Spring Break with Millions of Bees: Why Beekeepers Take a California Road Trip Every Spring
If you’ve ever driven on Interstate 5 in California during the month of February, you’ve probably witnessed the world’s largest pollination event. Just shy of a million acres in the Sacramento and San Joaquin Valleys are planted with rows of almond trees, and when they’re all blooming, it’s quite the sight (and aroma).
The vast majority of commercial beekeepers based in the United States, including Henry Storch of Old Blue Raw Honey, move their bees to California for the almond bloom, and though they’re compensated at a significant rate per hive, it’s expensive and risky to prepare and transport the bees.
Moving Bees to California
California’s almond orchards produce over 2 billion pounds of nuts (about 85% of the total world almond crop), but the bountiful harvest would not be possible without the work of migratory bee colonies. Honeybees and other pollinators transfer pollen from tree to tree as they wriggle their pollen-dusted bodies around in the flowers, seeking out nectar and pollen. Without this insect-borne distribution of pollen, the trees would produce little or no almond crop at all.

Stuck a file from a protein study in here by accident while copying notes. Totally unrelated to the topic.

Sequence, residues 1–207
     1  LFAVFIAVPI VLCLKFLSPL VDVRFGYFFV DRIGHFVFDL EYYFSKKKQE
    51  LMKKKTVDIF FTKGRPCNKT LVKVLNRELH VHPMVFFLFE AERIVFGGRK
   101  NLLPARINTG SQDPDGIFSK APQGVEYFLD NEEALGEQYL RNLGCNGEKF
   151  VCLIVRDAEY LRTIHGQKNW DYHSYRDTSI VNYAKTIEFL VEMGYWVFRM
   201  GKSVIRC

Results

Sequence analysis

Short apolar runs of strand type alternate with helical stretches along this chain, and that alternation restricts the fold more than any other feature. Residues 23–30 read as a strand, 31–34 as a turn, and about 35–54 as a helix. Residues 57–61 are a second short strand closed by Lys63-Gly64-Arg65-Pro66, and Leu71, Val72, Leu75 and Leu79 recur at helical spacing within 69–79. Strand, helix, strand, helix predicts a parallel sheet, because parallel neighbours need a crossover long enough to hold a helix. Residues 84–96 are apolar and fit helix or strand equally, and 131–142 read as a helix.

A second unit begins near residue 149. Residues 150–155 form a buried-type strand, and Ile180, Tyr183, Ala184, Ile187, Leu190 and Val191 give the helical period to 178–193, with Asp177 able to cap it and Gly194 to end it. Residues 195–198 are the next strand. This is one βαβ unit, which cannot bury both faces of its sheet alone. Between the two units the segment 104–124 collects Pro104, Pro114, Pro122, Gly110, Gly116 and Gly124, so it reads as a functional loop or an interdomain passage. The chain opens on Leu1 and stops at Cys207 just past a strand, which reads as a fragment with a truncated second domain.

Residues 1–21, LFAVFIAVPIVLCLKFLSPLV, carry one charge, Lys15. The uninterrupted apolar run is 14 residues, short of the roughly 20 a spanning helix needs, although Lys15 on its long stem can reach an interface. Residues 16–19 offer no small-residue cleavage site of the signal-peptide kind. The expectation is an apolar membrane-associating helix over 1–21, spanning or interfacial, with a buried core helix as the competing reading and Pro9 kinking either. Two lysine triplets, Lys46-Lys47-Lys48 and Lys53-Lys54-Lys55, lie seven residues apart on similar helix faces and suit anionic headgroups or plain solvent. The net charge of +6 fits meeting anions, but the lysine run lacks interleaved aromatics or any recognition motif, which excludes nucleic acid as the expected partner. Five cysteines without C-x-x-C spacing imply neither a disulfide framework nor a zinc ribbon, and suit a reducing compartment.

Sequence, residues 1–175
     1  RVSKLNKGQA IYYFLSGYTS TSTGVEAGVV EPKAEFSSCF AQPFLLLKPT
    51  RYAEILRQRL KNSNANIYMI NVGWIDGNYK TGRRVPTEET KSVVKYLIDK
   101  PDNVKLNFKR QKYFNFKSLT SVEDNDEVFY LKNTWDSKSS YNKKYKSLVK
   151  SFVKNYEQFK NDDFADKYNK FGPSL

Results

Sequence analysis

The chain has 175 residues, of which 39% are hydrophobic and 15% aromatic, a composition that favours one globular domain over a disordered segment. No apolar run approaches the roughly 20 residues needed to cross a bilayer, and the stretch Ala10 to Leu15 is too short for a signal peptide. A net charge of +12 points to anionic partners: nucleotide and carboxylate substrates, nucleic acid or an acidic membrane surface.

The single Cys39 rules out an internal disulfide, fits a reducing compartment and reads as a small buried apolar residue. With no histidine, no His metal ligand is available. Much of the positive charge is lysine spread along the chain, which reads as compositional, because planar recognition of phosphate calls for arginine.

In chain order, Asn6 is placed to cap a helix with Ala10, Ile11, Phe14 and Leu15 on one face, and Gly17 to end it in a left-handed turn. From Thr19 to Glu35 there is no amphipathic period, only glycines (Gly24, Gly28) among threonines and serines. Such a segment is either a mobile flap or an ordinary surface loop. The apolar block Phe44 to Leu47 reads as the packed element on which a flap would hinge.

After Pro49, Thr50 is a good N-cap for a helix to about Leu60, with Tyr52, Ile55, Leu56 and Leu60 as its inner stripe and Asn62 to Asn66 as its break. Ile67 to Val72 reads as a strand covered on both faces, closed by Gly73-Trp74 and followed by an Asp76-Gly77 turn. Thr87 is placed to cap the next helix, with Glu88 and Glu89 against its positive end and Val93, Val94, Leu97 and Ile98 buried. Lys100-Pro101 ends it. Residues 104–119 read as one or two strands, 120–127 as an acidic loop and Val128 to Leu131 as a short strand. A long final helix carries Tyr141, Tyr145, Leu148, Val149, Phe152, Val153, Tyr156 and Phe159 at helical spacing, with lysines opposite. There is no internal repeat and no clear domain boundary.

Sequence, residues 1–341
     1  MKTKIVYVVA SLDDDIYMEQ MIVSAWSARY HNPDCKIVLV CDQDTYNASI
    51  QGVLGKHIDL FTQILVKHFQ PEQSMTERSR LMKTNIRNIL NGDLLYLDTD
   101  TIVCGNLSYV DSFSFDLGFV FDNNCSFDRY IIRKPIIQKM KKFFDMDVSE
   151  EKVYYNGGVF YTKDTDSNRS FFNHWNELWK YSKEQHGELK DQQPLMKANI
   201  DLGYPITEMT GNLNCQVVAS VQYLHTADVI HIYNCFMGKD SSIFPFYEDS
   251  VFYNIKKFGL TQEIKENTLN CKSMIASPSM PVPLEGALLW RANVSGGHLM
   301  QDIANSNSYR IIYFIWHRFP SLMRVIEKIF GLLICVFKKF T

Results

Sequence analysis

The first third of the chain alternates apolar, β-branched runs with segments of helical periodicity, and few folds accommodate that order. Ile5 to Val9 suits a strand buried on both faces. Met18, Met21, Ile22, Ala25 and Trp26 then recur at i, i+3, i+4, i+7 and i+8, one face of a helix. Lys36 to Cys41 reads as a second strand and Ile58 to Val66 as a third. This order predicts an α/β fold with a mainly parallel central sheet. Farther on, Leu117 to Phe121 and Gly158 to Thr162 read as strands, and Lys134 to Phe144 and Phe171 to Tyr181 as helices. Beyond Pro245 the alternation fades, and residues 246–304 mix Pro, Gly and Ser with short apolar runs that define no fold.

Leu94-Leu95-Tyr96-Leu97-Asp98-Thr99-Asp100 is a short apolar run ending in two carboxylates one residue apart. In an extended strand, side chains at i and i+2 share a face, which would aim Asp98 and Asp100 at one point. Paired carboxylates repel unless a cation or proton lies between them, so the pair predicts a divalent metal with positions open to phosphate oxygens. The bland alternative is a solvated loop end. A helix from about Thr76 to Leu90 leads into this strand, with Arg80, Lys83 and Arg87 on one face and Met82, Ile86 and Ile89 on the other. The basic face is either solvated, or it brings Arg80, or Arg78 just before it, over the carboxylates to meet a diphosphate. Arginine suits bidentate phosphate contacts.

To ensure a strong nut set, almond growers contract with beekeepers to bring hives into the orchards usually at a rate of two colonies per acre during the almond bloom, a period of four to six weeks in February and early March. Pollination contracts generally stipulate a minimum hive size (in units of frames covered by bees) to guarantee there will be enough bees in the area getting the job done.
Managing colonies to be ready for almond pollination requires year-round attention to hives. They must be stimulated in the late summer and fall by feeding pollen substitute and sugar syrup. Henry must often replace older queens in hives with younger, stronger ones so the bees overwinter in larger clusters and are ready to build up quickly when relocated to warmer climes.